Dr. Sander Connolly, and Dr. Guy McKhann, neurosurgeons at Columbia University Medical Center, are senior authors of a research paper that tackles one of the deadliest kinds of stroke, intracerebral hemorrhage (ICH). This kind of stroke is caused by bleeding in the brain and when patients survive they are often left severely disabled with motor deficits like hemiplegia (weakness on one side of their body).
Fifth-year Columbia Neurosurgery resident, Dr. Charles Mikell, presented the research titled, Interhemispheric Connectivity in ICH, at the annual meeting of the Congress of Neurological Surgeons (CNS) in San Francisco recently.
The authors delved into the underlying mechanism that causes weakness (hemiplegia) in patients with a brain bleed and found a relationship between the loss of strength and how the two hemispheres (sides) of the brain are connected. According to the authors, “The motor network was significantly less connected in patients who were hemiplegic.” They concluded, “These data, while preliminary, support a role for interhemispheric connectivity in recovery from stroke. Specifically information flow from left to right is associated with maintenance of strength after hemorrhage [bleeding in the brain].”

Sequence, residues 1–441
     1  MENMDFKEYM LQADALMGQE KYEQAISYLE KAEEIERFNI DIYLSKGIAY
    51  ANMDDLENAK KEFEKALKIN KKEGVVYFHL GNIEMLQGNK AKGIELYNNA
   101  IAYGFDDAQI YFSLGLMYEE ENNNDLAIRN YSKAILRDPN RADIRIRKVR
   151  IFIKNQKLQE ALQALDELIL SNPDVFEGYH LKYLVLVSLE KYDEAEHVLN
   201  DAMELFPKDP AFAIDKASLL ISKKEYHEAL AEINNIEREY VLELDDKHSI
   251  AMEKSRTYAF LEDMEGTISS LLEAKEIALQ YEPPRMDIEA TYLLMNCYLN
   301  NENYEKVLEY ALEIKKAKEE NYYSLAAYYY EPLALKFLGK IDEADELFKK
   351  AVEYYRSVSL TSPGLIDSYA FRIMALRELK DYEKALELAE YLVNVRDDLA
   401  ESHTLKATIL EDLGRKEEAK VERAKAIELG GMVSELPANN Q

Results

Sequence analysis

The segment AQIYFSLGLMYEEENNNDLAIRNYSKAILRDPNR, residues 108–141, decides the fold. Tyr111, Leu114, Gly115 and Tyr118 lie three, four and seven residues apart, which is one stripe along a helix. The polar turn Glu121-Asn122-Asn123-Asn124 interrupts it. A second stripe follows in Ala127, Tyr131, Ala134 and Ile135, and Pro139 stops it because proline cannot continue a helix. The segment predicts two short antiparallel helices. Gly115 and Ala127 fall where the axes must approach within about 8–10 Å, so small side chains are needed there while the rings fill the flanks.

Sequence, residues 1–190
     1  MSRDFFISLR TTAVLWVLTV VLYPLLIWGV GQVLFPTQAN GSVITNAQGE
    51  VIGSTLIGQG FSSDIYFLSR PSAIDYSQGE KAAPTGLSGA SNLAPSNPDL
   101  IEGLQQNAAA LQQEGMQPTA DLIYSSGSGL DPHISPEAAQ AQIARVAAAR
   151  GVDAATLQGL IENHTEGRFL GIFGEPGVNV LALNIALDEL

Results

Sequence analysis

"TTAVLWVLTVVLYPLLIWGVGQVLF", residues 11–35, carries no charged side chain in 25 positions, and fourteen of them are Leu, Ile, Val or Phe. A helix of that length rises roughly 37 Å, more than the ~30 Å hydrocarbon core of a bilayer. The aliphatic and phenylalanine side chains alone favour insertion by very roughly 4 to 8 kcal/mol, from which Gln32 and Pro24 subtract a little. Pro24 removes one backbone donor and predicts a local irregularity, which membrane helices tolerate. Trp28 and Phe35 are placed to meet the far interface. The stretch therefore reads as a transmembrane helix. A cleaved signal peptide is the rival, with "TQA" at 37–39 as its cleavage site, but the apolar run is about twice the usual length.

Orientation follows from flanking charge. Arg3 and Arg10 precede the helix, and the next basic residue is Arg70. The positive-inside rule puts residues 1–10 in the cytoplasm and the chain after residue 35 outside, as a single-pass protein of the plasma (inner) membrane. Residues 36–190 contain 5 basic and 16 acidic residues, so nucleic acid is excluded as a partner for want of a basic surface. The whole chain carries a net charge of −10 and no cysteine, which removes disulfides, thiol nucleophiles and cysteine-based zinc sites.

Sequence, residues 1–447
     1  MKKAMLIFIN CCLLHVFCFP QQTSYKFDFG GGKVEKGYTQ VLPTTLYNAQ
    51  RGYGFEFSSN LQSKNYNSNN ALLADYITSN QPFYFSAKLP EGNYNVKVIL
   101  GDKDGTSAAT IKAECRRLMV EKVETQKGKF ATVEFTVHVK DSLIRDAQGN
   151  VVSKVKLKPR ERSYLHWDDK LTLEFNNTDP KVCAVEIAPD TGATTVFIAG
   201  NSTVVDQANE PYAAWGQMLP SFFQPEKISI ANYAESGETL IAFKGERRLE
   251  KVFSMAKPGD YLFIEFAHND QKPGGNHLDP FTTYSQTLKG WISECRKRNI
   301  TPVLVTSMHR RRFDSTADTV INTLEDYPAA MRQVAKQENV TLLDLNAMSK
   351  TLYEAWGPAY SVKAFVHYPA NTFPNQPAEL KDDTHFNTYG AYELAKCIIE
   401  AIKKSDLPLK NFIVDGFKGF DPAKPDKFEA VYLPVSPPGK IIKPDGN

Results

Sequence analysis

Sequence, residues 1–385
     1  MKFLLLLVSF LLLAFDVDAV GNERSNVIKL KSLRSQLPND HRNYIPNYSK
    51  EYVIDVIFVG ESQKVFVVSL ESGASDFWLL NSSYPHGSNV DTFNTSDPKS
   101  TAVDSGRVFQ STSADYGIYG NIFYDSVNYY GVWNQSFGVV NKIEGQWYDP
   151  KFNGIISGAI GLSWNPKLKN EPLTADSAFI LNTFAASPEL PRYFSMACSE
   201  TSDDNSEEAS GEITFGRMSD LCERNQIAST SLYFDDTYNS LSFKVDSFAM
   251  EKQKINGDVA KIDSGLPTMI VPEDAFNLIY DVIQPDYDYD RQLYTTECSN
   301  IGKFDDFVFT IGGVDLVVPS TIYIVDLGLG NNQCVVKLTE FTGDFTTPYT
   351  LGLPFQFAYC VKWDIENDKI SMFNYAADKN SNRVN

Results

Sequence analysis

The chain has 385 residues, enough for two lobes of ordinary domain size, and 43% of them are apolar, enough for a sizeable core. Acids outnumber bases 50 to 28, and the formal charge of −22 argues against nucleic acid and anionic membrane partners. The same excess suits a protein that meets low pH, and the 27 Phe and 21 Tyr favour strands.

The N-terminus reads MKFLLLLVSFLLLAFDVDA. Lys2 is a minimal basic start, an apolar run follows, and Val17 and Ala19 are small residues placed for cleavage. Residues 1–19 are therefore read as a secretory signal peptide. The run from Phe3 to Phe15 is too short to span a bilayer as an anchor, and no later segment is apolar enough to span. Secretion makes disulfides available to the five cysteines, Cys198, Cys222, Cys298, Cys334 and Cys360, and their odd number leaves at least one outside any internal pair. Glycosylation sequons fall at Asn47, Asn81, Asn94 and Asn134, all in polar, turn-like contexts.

This is an exciting discovery that will likely lead to further research. The presentation at the CNS meeting garnered a lot of interest and questions that Dr. Mikell was happy to answer.
Co-authors of the paper included the following scientists, medical students, and neurosurgeons: Charles B. Mikell, Michael Maurice McDowell, Marc Louis Otten, Andrew Kai-Hong Chan, Blake Eaton Samuel Taylor, Rachel Bruce, Eric S. Sussman, Samuel S. Bruce, Guy M. McKhann, II, and E. Sander Connolly, Jr..
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